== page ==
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Furman to honor Sarah Reese and Lillian Brock Flemming 

Furman University will honor Sarah Reese ’71 H’14 and Lillian Brock Flemming ’71 M’75 H’14 with permanent displays on campus to recognize their lifelong achievements and to invite all who come to Furman to be inspired by their lives. 

 The honors are a result of recommendations from the Task Force on Slavery and Justice’s “Seeking Abraham” report and the Board of Trustees’ Special Committee to recognize Reese and Flemming’s immense contributions to Furman and the broader community. 

 Reese and Flemming were among the first Black students to enroll at Furman after the university desegregated in 1965. At that time, Flemming, Reese and Joseph Vaughn ’68, the first Black undergraduate student, drew strength and solace from each other’s friendship. The college students pursued their degrees while fighting for racial equality in historic moments, such as the protest of the Orangeburg Massacre, and in the everyday, casual instances of racism they experienced on campus in the late 1960s and early ’70s. 

A brilliance that could not be denied 

 “In considering ways to honor Sarah, we were drawn repeatedly to her profound musical talent and achievements and her impact on opera,” said the members of a committee formed to provide specific recommendations for honoring Reese and Flemming. 

“Furman’s Lyric Theatre will be named for Sarah Reese as a permanent, public recognition of Sarah’s profound gifts and influence.”  

The university also will commission a portrait of Reese to display in the Music Library, accompanied by a plaque containing a biographical sketch.  

When Reese was growing up in Pelzer, South Carolina, she would sing in the woods, causing neighbors to talk about the young girl’s remarkable voice in the grocery store. Reese would become an internationally known opera singer. But before she enchanted audiences across the world, she played a central role in bringing racial justice to Furman University after desegregation. 

At a time when Black opera singers faced even greater barriers, she made her New York debut in 1981. Shortly afterward, The New York Times described her as “a young soprano who has it all – a luscious voice with dramatic bite and astonishing coloratura agility, disarmingly natural musical instincts and a compelling stage presence.” It was just one of the many celebratory reviews Reese would receive throughout her career.  

Reese was named principal artist with the New York Metropolitan Opera and artist-in-residence at the Opera Company of Boston. She was the featured soloist on the 1993 Grammy Award-winning recording, “Prayers of Kierkegaard’’ with the Chicago Symphony Orchestra. In 1995, she gave her Carnegie Hall debut with The American Composers Orchestra in 1995 and played various roles including the priestess in “Aida” and Musetta in “La Boheme” and performed with some of the world’s greatest orchestras and conductors.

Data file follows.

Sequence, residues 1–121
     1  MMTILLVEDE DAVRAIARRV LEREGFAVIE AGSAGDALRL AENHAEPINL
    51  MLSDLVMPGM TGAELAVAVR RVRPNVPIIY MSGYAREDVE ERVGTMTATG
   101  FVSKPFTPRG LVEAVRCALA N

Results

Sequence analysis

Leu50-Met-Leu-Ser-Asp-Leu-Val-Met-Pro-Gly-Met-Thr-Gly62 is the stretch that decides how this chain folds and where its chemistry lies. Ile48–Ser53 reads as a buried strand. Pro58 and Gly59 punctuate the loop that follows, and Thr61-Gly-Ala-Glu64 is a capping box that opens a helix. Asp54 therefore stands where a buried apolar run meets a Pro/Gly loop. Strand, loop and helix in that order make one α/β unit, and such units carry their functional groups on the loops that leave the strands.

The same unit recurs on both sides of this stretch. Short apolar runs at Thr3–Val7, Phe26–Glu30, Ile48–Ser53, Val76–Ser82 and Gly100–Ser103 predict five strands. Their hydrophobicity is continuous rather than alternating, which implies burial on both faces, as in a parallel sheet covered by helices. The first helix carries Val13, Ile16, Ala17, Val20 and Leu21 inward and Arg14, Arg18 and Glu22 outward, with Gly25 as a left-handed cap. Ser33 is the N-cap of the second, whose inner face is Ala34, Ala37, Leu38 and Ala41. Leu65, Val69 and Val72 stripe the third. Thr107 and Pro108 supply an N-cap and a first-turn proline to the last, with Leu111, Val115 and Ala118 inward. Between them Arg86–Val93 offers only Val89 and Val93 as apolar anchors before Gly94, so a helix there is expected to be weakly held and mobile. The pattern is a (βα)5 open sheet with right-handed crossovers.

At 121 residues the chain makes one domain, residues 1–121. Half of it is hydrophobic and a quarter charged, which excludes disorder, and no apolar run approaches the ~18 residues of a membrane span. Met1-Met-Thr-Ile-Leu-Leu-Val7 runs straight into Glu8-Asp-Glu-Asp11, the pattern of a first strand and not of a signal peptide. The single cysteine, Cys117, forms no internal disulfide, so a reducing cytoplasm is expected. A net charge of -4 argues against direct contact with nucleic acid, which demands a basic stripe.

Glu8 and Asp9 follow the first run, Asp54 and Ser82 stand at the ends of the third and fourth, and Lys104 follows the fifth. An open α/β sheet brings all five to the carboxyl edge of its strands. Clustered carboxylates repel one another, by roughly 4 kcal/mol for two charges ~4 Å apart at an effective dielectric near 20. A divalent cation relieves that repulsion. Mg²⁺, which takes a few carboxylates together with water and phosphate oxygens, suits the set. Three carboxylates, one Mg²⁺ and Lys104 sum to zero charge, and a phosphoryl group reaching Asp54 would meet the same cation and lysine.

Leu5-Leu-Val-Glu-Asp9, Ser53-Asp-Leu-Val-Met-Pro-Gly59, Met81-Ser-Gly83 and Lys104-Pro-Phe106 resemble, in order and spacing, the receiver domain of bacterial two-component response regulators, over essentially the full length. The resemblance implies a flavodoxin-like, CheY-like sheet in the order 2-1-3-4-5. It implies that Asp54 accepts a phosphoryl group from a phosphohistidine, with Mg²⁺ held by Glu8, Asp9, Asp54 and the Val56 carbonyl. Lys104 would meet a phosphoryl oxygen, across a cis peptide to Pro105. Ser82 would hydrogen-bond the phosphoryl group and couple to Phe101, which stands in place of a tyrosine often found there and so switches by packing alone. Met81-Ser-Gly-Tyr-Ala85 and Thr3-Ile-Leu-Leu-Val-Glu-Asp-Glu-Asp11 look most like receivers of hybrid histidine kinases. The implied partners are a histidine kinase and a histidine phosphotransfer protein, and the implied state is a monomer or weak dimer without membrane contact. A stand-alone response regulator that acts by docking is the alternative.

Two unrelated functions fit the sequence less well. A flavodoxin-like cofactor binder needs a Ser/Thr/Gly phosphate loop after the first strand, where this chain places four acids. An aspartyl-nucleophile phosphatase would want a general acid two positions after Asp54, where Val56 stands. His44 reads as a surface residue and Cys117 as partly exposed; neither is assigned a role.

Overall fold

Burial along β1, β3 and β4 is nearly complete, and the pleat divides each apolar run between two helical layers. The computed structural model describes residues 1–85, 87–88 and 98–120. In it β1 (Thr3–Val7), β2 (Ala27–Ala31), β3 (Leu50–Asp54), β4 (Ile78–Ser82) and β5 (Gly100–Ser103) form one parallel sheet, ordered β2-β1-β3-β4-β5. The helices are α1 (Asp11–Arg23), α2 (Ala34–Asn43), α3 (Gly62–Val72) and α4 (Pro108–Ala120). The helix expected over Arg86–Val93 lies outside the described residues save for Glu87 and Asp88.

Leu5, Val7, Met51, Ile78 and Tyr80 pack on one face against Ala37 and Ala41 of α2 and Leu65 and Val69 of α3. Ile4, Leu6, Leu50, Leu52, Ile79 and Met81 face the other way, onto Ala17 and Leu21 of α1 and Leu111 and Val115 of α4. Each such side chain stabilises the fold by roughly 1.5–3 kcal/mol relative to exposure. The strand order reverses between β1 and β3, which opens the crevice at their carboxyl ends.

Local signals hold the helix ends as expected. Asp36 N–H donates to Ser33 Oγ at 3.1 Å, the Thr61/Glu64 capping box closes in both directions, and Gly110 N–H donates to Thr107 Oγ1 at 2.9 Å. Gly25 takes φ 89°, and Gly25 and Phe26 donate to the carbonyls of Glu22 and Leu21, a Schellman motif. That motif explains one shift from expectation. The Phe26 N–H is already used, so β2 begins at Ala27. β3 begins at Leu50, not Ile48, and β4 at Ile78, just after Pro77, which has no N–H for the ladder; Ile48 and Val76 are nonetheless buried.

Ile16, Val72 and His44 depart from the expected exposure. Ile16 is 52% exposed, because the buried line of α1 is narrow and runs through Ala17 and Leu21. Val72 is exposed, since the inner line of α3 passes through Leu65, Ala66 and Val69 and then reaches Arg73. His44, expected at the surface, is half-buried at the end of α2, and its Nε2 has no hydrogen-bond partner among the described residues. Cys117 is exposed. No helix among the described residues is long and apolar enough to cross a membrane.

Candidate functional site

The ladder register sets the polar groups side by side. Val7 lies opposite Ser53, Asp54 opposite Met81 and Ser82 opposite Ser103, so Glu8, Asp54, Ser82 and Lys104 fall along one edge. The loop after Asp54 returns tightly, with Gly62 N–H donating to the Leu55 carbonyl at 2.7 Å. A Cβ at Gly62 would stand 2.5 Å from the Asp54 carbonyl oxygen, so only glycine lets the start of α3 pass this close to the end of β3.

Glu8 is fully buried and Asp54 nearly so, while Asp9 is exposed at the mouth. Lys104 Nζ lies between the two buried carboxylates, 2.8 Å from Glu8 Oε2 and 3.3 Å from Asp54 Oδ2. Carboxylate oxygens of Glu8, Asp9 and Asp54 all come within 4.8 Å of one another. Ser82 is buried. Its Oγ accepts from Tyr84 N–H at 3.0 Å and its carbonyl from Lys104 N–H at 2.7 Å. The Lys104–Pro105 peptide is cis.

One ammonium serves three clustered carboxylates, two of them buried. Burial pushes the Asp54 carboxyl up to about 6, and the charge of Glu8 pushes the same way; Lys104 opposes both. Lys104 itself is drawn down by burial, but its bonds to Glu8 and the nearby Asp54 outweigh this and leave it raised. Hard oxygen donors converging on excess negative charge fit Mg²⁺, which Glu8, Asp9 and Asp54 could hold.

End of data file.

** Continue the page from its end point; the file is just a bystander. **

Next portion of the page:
In her later years, Reese came home to South Carolina, where she fostered talent and an appreciation for the arts in countless students as a teacher at Pendleton High School. Reese received Furman’s Distinguished Alumni Award in 1992, and, in 2008, she was a recipient of the Greenville Cultural Exchange Center’s “Women Making History” award. In 2013, she was named a Yale Distinguished Music Educator. 

To educate, lead and unite 

Lillian Brock Flemming ’71 M’75 H’14 has committed her life to educating, leading and uniting her beloved Greenville, South Carolina, community, through her service in public education, a variety of civic organizations, and her alma mater, Furman University.

“Lillian Brock Flemming is the living embodiment of this phrase from Furman’s vision statement: Inspiring purposeful living and fostering thriving communities through learning, creativity, and innovation,” said the members of the honors committee. 

“Therefor, Furman will create the Lillian Brock Flemming Award, which will be presented annually at fall Convocation to a member of the Furman student body, faculty, staff or alumni in recognition of their work that fosters thriving communities.”  

Flemming has served on the Greenville City Council since 1981 and devoted her professional life to public education. After 46 years of service to Greenville County Schools, she retired in 2017. She was first a high school mathematics teacher and later, a professional employment recruiter. She is a past president of the Municipal Association of South Carolina, past president of Greenville Blue Star Mothers-Chapter 3, past board chair of Southernside Block Partnership, Inc., and a charter member of the West End Lions Club.? 

A former Furman trustee, Flemming received the university’s Gordon L. Blackwell Alumni Service Award and the Richard Furman Baptist Heritage Award, in addition to the United Negro College Fund’s Outstanding Service Award. She was named one of the 100 Most Influential People in the Upstate and one of the 50 Most Influential People in Greenville three times. 

The university will commission a portrait of Flemming to be hung in a prominent place on campus, accompanied by a biographical sketch of her life and accomplishments.  

 

 

 

Article by Sarita Chourey
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